GOP lawmakers have long had reservations. They balked when world leaders agreed to double the IMF’s capital after the financial crisis. The measure got through Congress only when the Treasury agreed to oppose extra-large bailouts.
There’s a case to be made that the U.S. gets good value out of the fund. Each dollar it commits adds only 2 cents to America’s budget, because defaults rarely happen, according to the Congressional Budget Office. In return for its contribution, which now stands at approximately $164 billion, America has the biggest say on the fund’s board. It can’t veto individual loans, but when U.S. interests are aligned with the EU’s — which they mostly were, before Trump — they tend to prevail.
Bordo says he’s not worried about the fund’s becoming redundant. “They’re always thinking of how they’re going to fit in.”
The IMF has already survived one major mission-change. It’s known today as the lender of last resort to countries facing balance-of-payments crises. But in its first three decades, the fund managed the world’s currency order.
That was the role assigned at Bretton Woods in 1944, when the IMF and World Bank were set up. Forty-five nations attended the summit, but two men dominated it: John Maynard Keynes and America’s Harry Dexter White. From the back of her car in Uganda, Lagarde calls them the “founding fathers.”
Their goal was to avoid a repeat of the 1930s, when competitive devaluations and tariff wars led to the collapse of world trade. Keynes wanted the IMF to act as a central bank of central banks, denominating their accounts in a new global currency. It would let members devalue or borrow with relative ease. Both creditors and debtors would pay interest on their holdings, discouraging large trade surpluses as well as deficits.
White’s plan was more creditor-friendly, reflecting the U.S. position as world lender. There would be no new currency: IMF members would tie their money to the dollar. They couldn’t devalue without consulting the Fund, and were only supposed to borrow short-term to close balance-of-payments gaps.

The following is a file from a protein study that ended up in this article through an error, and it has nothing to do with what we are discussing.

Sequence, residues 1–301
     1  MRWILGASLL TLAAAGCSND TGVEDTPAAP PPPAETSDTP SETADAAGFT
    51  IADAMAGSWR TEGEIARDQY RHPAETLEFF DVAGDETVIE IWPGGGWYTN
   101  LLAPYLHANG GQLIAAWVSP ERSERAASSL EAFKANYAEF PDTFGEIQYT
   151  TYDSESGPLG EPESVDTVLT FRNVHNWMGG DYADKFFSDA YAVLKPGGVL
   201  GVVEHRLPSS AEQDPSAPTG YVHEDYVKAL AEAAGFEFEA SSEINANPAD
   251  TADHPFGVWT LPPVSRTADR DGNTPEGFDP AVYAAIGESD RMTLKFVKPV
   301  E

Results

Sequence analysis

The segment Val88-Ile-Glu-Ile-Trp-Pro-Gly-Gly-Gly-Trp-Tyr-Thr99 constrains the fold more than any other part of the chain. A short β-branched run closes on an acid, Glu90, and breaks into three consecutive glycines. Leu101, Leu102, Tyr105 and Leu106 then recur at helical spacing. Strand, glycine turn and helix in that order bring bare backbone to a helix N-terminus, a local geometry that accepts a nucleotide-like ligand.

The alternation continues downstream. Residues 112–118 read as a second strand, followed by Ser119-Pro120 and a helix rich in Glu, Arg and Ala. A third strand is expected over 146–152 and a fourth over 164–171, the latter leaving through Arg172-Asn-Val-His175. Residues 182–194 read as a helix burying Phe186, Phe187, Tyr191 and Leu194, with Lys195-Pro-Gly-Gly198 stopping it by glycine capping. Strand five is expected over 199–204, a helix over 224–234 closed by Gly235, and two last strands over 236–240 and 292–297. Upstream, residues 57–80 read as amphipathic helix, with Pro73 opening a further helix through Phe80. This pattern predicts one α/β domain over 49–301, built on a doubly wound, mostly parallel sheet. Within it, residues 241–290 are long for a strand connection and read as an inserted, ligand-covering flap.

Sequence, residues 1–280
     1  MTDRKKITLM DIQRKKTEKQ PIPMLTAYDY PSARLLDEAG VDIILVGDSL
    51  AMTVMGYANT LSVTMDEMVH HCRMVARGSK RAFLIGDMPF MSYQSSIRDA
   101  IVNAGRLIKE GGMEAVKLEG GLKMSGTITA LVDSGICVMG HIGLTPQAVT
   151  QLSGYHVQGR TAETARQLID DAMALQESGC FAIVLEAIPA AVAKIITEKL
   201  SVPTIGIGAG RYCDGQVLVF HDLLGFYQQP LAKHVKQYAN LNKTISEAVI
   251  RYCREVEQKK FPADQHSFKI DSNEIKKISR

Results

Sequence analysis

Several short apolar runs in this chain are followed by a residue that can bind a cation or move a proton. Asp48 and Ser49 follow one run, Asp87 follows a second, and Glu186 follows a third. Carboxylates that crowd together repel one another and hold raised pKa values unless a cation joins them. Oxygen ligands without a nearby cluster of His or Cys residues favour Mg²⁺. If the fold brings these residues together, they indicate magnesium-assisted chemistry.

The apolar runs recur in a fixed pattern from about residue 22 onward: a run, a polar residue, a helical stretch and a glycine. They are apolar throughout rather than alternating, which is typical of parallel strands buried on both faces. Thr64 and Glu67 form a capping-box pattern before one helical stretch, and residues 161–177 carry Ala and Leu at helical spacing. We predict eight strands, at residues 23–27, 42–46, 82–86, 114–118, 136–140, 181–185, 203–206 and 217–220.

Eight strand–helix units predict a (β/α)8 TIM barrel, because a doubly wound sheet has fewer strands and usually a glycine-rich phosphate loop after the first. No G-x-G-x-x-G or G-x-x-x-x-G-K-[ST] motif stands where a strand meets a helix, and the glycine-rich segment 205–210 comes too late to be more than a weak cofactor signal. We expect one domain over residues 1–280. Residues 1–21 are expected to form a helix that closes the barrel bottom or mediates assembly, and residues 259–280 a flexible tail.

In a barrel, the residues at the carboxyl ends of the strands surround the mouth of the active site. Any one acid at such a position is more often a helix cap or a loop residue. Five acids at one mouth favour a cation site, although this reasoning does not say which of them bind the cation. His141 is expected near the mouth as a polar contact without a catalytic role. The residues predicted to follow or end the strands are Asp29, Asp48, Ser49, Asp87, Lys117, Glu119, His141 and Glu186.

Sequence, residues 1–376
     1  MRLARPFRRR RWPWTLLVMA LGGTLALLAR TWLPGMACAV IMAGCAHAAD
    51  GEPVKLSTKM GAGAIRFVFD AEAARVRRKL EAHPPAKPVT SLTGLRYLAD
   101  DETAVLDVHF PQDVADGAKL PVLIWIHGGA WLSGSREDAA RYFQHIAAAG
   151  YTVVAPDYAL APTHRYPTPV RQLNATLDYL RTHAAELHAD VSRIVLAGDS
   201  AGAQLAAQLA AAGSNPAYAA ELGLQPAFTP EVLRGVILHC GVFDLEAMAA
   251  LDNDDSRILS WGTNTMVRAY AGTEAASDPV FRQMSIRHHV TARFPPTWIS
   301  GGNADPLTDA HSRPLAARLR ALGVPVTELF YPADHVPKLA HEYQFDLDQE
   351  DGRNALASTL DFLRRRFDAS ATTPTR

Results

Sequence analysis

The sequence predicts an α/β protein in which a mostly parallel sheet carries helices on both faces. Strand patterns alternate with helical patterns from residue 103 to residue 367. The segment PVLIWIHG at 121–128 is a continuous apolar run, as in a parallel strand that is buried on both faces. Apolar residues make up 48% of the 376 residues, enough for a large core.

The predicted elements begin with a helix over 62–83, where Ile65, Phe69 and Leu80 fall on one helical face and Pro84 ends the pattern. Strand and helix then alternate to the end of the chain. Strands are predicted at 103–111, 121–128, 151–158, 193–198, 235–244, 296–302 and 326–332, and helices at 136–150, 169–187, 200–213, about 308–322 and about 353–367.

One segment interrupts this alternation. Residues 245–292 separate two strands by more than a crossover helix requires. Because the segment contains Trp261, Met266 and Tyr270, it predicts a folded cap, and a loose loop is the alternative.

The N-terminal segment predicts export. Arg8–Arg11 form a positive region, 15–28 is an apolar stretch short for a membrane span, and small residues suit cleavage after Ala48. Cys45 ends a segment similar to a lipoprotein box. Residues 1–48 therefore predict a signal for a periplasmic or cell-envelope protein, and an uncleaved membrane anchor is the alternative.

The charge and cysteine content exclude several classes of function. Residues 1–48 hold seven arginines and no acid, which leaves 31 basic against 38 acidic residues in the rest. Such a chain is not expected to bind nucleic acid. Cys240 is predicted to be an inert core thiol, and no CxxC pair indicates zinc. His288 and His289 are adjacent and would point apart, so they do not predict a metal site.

“The British wanted an automatic source of credit, the Americans a financial policeman,” wrote Keynes’s biographer Robert Skidelsky. The English economist was one of the 20th century’s sharpest thinkers, but it was the U.S. Treasury official who got his way.
The system turned out to have a flaw: It depended on the supply of U.S. dollars backed by gold. That link came under pressure as America, financing social programs at home and war in Vietnam, slipped into persistent deficit. In 1971, President Richard Nixon took the dollar off the gold standard, ending phase one at the IMF.
Today there’s a patchwork of floating rates, pegs and currency unions like the euro. It’s not working to everyone’s satisfaction — notably Trump’s. His team has called out several countries, from China to Germany, for gaming the system.
Money courses around that system on a scale that would have been unimaginable at Bretton Woods. Massive trade imbalances built up. The dollar remains central. The risks were laid bare in 2008, when a collapsed U.S. housing bubble led to world recession.
Since then, some financial leaders — among them the governor of the People’s Bank of China, Zhou Xiaochuan, and his U.K. counterpart Mark Carney — have gently hinted that something more like Keynes’s plan might be in order, to reduce the world’s dollar dependency.
Lagarde disagrees. “It didn’t happen in 1944, when the world had destroyed itself,” she said. “I’m not a dreamer.”
She argues instead that what the IMF is doing today will remain useful tomorrow. Countries will always be getting in a financial mess. Someone has to clean it up. Ukraine needed money in 2015: without the IMF, “where would the $17.5 billion come from? Whose pocket would it be?”